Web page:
Decision Making in a Dynamic Situation: The Effect of Time Restrictions and Uncertainty (Beslisgedrag in een Dynamische Situatie: Het Effect van Tijdsdruk en Onzekerheid)
HUMAN FACTORS RESEARCH INST TNO SOESTERBERG (NETHERLANDS)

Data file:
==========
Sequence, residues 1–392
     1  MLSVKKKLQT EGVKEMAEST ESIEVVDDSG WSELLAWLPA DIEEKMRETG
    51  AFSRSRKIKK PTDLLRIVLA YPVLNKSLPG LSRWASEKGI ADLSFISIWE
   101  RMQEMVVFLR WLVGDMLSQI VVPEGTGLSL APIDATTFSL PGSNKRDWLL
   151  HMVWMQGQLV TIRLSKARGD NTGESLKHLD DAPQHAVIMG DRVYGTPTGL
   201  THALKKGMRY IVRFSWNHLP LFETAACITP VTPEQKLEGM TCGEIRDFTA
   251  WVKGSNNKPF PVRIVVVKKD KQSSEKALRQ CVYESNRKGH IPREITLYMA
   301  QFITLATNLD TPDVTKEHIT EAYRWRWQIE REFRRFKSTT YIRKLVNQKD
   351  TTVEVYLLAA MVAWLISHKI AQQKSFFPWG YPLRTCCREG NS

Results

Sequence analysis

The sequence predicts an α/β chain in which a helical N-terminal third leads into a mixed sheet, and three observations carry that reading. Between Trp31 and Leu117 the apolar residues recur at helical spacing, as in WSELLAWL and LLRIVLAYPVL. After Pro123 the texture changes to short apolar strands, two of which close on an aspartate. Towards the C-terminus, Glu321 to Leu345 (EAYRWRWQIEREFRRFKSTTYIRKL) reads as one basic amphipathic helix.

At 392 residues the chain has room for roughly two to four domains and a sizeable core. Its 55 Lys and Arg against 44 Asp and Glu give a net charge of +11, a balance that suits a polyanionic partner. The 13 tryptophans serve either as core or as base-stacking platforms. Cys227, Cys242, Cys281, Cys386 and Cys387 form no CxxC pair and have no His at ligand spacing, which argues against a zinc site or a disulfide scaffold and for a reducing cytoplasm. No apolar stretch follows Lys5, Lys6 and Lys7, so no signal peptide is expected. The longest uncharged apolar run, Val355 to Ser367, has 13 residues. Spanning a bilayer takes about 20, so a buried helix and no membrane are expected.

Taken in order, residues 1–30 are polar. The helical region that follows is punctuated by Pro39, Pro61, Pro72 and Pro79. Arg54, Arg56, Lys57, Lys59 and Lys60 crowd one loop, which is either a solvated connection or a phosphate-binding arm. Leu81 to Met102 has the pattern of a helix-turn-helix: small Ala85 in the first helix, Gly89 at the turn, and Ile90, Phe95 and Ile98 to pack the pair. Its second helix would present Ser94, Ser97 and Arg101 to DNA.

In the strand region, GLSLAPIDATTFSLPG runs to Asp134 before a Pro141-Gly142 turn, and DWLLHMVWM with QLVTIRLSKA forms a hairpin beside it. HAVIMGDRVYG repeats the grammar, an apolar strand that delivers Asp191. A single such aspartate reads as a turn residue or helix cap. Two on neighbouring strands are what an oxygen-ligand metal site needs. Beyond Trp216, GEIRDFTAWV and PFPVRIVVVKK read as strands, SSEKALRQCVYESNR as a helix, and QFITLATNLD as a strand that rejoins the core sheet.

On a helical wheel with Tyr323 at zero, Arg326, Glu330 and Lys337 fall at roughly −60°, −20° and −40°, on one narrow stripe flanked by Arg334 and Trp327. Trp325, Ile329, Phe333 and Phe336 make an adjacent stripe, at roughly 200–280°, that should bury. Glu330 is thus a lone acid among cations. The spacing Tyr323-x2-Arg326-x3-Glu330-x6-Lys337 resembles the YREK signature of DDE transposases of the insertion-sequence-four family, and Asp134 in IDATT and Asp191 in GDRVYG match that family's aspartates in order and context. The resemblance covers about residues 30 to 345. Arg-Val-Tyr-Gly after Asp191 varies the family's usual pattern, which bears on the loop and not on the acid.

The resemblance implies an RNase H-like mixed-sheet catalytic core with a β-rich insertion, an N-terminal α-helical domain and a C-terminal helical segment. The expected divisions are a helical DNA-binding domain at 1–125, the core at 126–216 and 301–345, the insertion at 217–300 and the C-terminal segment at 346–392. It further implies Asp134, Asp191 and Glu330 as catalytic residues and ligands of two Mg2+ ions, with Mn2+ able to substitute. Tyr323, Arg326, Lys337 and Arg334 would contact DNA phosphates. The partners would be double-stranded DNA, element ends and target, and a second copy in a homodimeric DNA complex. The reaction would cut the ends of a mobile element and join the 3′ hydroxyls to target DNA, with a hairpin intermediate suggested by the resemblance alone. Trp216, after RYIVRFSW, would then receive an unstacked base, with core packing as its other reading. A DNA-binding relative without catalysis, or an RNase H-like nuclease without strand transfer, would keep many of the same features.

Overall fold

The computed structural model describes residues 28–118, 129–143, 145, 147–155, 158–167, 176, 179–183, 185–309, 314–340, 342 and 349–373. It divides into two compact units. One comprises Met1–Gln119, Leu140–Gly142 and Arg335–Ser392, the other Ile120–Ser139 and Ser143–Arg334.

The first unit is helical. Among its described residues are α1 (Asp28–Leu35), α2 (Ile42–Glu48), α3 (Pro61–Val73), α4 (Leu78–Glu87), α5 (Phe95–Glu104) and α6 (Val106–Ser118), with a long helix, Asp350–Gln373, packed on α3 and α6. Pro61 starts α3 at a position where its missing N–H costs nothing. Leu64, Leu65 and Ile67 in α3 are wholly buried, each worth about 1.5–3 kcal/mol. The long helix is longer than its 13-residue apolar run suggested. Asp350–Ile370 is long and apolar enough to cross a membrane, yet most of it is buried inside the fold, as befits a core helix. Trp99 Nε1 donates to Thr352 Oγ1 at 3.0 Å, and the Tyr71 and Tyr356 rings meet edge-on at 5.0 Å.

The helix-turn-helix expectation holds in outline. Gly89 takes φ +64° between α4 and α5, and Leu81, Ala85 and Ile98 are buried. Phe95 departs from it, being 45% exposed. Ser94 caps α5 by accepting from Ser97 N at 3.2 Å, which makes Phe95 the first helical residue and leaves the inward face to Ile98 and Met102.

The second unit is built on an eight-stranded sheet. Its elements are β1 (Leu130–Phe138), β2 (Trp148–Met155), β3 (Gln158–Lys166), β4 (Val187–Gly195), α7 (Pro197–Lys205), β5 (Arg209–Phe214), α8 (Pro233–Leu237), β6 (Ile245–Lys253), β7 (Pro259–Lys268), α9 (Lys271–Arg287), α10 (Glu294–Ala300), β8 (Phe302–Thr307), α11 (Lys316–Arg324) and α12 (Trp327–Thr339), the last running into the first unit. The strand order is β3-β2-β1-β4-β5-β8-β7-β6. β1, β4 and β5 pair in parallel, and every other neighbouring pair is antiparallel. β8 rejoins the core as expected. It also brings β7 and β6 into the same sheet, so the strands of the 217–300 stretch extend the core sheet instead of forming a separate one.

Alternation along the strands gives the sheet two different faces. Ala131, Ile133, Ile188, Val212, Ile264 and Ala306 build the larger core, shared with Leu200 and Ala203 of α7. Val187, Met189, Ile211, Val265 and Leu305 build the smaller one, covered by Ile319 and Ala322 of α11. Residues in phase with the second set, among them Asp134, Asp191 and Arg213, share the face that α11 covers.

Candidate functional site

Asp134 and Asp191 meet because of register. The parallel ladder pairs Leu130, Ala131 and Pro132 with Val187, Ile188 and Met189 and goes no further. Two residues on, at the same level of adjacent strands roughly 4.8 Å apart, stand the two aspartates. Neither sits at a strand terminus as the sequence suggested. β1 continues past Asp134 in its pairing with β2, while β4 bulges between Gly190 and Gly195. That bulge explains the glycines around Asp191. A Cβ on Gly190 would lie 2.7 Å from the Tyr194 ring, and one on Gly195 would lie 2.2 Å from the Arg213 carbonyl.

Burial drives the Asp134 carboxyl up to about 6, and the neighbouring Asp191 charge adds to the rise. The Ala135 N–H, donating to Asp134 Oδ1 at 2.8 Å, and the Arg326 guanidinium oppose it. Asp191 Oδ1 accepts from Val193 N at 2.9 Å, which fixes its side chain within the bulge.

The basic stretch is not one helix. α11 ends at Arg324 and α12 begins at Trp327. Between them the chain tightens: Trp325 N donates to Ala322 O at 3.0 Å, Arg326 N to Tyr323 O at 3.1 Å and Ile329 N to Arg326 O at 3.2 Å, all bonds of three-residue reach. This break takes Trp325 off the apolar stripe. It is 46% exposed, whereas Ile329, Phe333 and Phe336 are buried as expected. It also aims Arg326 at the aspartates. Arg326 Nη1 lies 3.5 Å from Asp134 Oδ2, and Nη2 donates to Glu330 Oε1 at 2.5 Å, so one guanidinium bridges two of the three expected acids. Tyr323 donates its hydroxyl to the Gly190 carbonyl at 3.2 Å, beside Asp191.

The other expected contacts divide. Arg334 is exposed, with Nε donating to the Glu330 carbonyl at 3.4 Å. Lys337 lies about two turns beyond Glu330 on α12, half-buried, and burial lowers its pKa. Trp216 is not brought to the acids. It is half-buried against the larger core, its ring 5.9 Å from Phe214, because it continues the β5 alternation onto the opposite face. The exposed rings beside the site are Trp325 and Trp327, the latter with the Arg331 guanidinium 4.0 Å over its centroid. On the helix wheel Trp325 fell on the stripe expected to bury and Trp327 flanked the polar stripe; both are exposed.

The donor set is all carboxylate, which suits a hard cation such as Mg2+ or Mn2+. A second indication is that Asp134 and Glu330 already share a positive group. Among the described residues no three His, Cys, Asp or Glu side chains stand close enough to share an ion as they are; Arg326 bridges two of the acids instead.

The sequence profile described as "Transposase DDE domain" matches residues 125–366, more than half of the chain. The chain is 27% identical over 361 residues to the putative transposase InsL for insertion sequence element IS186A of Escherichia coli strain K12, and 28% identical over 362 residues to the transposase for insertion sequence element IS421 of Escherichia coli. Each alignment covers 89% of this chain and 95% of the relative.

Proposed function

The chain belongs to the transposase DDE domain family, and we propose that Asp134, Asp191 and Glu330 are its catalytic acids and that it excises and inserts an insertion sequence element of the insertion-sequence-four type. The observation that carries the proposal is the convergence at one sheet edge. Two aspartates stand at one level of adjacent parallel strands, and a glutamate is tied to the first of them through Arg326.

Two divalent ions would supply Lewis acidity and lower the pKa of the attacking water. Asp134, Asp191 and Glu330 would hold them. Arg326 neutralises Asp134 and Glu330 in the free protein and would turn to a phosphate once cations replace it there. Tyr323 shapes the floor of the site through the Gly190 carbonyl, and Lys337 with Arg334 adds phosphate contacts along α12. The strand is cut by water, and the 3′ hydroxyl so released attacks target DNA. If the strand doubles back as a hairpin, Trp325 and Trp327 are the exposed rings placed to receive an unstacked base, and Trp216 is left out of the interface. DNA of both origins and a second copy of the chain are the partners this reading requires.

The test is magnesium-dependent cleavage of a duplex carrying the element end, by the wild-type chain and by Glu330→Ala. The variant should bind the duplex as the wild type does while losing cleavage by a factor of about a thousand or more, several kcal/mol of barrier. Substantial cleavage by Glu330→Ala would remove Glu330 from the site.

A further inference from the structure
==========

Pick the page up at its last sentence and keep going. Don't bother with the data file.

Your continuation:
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Information processing in dynamic situations can be distinguished on a number of dimensions from decision making in the normally used static task environments. First, because the environment changes, time is an inherent dimension of the decision making process. Second, strategies can be used that benefit from feedback. Third, time pressure can be defined from the evolving situation itself rather than by some external criterion. Results from previous experiments suggested that even though subjects speeded up information processing, they did not reserve a sufficient amount of time for diagnosis in fast changing task conditions. In the present experiment we investigated whether a priori probability of false alarms and predictability of recovery level, in the case of a false alarm, could account for this finding. Subjects were required to monitor the fitness level of an athlete, who was running a race, and to provide treatments whenever necessary. Time horizon was manipulated by the rate at which the athletes fitness level declined. When the a priori probability of false alarms increased, subjects started their diagnosis process at a later point in time, they were slower in processing the information, and their performance decreased. None of these effects were found for the predictability of the athletes recovery level. Decision making, Human performance, Time.